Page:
Native to Europe, Hyssop (Hyssopus officinalis) was used as early as the seventh century as a purifying tea and for medicine. The herb is said to cure all manner of ailments from head lice to shortness of breath. Today home gardeners are growing hyssop for its leaves, which are used to flavor green salads, soups, liqueurs and stews. Attractive plants have woody stems, small pointed leaves, and spikes of small pink, red and blue-purple flowers. There also are forms with pink or white flowers. Hardy perennial grows 2-3 feet tall.
Hyssop prefers full sun to partial shade and dry, well-drained soil. Prior to planting work in plenty of organic matter, such as compost, or aged animal manure. It is also helpful to add a light application of organic fertilizer to the planting hole. Hyssop grows equally well in containers.
Note: This perennial is often used as a border plant in herb gardens and is extremely attractive to bees, butterflies and hummingbirds.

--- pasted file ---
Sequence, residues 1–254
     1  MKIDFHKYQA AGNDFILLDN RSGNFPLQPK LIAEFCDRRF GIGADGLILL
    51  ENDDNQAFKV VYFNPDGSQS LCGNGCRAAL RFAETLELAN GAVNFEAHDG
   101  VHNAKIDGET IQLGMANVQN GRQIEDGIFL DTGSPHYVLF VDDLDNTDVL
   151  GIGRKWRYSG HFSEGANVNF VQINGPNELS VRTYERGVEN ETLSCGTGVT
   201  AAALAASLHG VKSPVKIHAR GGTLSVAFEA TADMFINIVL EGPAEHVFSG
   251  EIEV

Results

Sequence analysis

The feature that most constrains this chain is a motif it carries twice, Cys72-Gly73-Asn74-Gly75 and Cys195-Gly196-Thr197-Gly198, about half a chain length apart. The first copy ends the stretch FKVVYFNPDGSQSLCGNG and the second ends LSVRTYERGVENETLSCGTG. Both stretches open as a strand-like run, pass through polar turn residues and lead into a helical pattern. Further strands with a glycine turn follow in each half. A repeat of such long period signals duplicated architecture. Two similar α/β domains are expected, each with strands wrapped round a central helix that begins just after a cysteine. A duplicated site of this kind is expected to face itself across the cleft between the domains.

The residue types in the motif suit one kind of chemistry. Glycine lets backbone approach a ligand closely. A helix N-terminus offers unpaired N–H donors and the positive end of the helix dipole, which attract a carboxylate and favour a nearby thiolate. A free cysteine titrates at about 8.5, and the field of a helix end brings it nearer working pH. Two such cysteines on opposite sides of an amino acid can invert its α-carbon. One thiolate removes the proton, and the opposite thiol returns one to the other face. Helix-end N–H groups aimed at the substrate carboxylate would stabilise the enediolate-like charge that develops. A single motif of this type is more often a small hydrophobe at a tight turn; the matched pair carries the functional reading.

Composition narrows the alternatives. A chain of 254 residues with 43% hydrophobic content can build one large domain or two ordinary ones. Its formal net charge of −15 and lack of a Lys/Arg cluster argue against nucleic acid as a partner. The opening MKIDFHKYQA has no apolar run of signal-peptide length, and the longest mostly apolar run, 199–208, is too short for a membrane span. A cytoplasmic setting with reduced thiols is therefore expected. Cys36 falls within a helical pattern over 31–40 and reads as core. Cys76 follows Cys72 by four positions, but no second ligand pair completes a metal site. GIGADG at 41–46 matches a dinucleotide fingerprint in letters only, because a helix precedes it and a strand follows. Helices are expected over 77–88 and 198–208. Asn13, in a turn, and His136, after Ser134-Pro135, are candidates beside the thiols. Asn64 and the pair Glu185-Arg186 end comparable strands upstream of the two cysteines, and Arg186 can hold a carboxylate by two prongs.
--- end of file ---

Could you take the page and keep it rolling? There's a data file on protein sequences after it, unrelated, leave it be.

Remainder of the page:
How to Plant:
Sow indoors just beneath the surface of the soil 8-10 weeks before the last frost. Seeds will germinate in 14-21 days. Transplant out in the spring after the last frost. Set plants 6-12 inches apart. In autumn, new plants can be created by root division. Pruning to the first set of leaves after flowering will create a more compact plant and better flowering in the following year.
Use the youngest leaves and stems as needed. Cut in the morning after the dew has dried for optimal flavor. Do not wash the leaves or aromatic oils will be lost. Hyssop is best used fresh but can also be stored frozen in plastic bags or dried. To dry, tie the cuttings in small bunches and hang upside down in a well-ventilated, dark room. When dried, remove the leaves from the stems and store whole. Crush or grind just before use.
Insects and Disease:
Hyssop does not have many serious problems with insects or disease. In fact, several articles suggest that the herb actually repels cabbage moths and it is often used as a companion plant in the vegetable garden.
Seed Saving Instructions:
Seeds are ready to harvest when the seed capsules are completely dry and brown. The capsules can then be picked and the seeds easily separated by hand.